INTRODUCING YOU TO ST. BARNABAS (2)

We’re back.  Last time, we looked at the outside of the church building. Today we will go inside.  The red doors are the main entrance.  Once you step through the doors, you will be in a small entrance area.  On days when there are liturgies (worship services), there is normally a greeter passing out bulletins.  The bulletin is useful for finding out which pages in the Prayer Book or Hymnal to go to next.

The next thing you will see is a large glass screen depicting the “cloud of witnesses” meeting in love and worshiping God in heaven.  Surrounded by the screen is a small table with a page from a very early English Bible.

Passing the screen, you enter the main worship space, or nave, with pews for sitting.  You can sit anywhere you want.

You may wonder, how do people dress when they come to church?  St. Barnabas is normally casual, which includes anything from jackets and ties to sweaters and jeans.  On festival days like Easter and Christmas, people tend to dress up a bit more, but there is no dress code or requirement at any time.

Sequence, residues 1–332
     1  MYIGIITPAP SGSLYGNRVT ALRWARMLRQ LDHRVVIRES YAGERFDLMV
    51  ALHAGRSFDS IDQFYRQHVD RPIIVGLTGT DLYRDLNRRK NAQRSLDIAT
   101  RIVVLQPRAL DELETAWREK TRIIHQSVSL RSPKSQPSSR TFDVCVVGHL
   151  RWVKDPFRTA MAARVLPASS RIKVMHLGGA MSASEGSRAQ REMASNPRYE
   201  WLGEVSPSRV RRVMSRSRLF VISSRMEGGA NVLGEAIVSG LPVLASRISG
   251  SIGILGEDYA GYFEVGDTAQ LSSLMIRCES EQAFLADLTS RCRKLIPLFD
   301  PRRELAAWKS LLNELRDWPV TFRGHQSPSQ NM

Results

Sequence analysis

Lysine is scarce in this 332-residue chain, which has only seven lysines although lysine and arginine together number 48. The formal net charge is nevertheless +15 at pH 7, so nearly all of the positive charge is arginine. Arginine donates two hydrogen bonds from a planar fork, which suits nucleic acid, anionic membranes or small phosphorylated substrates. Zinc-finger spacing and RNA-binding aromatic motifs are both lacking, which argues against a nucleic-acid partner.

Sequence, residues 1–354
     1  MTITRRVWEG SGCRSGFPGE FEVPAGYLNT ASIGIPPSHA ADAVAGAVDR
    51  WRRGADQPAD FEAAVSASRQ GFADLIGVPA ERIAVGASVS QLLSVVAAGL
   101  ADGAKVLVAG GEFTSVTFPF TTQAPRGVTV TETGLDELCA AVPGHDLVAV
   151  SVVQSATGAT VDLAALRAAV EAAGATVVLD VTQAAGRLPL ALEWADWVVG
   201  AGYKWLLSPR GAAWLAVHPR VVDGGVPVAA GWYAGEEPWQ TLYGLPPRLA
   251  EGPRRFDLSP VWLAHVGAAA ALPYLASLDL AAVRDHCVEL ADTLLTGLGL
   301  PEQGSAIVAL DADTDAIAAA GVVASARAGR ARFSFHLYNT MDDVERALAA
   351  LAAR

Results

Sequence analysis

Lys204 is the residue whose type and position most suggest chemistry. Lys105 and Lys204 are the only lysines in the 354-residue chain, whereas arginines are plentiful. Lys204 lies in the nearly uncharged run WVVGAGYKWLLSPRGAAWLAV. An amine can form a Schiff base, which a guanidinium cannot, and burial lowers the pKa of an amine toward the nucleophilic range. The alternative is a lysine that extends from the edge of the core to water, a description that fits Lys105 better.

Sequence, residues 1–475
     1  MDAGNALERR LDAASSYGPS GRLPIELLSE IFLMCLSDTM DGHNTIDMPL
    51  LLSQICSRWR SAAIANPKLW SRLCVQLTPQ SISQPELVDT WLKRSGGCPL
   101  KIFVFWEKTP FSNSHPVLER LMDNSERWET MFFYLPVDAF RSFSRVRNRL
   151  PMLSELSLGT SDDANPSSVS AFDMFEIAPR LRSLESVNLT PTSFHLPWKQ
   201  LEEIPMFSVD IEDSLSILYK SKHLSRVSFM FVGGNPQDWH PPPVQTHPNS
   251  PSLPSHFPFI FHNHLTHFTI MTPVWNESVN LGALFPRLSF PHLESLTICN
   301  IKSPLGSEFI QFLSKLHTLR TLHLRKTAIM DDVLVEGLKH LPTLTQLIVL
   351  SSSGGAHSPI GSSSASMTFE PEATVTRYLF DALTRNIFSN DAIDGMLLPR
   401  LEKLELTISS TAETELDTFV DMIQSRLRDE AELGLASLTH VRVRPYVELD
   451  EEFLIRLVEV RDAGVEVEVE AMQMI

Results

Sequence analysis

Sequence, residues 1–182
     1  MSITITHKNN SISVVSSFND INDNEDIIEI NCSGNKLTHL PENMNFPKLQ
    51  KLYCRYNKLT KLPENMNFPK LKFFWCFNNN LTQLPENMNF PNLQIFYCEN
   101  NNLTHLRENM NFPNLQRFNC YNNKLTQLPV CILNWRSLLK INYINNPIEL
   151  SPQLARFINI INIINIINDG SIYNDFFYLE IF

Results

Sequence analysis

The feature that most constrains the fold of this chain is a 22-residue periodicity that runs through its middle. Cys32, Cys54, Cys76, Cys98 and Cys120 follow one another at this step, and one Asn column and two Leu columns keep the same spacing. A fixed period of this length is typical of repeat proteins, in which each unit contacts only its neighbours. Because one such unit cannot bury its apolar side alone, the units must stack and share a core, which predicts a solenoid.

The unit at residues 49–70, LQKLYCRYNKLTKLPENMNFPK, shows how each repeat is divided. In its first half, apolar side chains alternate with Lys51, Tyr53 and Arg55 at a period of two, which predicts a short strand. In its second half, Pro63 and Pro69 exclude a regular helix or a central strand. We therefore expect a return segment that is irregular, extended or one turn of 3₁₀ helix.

Back to the nave.  The pews have folding kneeling pads attached.  In different parts of the service, we generally sit to listen, stand up to sing, and kneel to pray.  The kneeling pads protect your knees.  A good approach is to sit with someone who already knows the service.  They can show you what to do when.

We use multiple books.  At the 8:00 am liturgy, we use the Prayer Book (some of our copies are red and some are blue, so you need to look for the title).  At the 10:30 liturgy, we use two hymnals as well.  Before the liturgy begins, we sing songs from the Celebration Hymnal, which is generally placed at the end of the pew.  During the liturgy, we sing songs from the 1940 Hymnal (these are red and placed in the pew racks).  Hymns are identified by number, not page, because some of them spread over two pages.